Then look honestly at NAR. From what I have seen they are a very dishonest bunch of cheerleaders not an industry evaluation expert. When NAR put out all of the ads they have had. And people say all realtors come from NAR ( it said real estate agent yes?) People think the realtors must be as stupid or dishonest as NAR ( that represents them) is.

Right now, how many realtors tell people there are 2.5 million foreclosures in the pipeline?
http://business.theatlantic.com/2009/09/the_shadow_foreclosu…
http://www.housingwire.com/2009/10/19/27m-distressed-propert…

The quoted paragraph shows that there are at least 2.7 million foreclosures that have yet to hit the market. Some of those may be modified, but the vast majority probably won't

http://www.bloomberg.com/apps/news?pid=20601087&sid=aw6_…
Or how about the 7 million to come?
http://www.zillow.com/advice-thread/Housing-Crash-to-Resume-… <--a forum about it.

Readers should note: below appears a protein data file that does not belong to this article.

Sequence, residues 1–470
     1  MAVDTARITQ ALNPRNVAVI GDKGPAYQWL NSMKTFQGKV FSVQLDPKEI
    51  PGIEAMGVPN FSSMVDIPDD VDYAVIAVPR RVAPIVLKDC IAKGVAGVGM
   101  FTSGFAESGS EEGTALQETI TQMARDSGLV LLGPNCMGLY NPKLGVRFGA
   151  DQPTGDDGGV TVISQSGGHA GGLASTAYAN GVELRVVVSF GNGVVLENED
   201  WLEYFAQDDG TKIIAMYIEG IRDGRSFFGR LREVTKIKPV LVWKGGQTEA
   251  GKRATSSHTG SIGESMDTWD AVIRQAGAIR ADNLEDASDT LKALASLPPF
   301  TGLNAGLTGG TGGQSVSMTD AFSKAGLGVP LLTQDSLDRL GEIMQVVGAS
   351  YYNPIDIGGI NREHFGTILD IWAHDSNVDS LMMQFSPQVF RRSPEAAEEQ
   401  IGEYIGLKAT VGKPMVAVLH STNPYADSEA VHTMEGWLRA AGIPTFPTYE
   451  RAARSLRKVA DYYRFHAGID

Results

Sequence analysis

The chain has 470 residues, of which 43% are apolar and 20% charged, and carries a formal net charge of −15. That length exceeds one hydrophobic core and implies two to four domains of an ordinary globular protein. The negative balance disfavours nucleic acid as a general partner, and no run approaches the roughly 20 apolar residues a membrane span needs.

When do real estate agents say more foreclosures are coming, wait to buy? Or if you buy now realize prices are likely to drop?

If people find out things that go against what most ( not all) realtors are saying. "Buy now, the $8k credit will disappear if you wait" "No better time to buy, house prices have dropped" "Hurry up while you can still get this deal" "this house is perfect because it has stainless and granite" and so on...

How can they trust what else is said when the above all say buy now regardless because I want my commission now?

The buy now get the $8k credit is one of the worst campaigns I have ever seen. It made people feel like they had to rush to buy somerthing before they lost out. That increased prices and decreased thinking. It is likely to be a secondary bubble that will burst in a few short years. When I saw that I felt I had to wait until the B.S. ran out.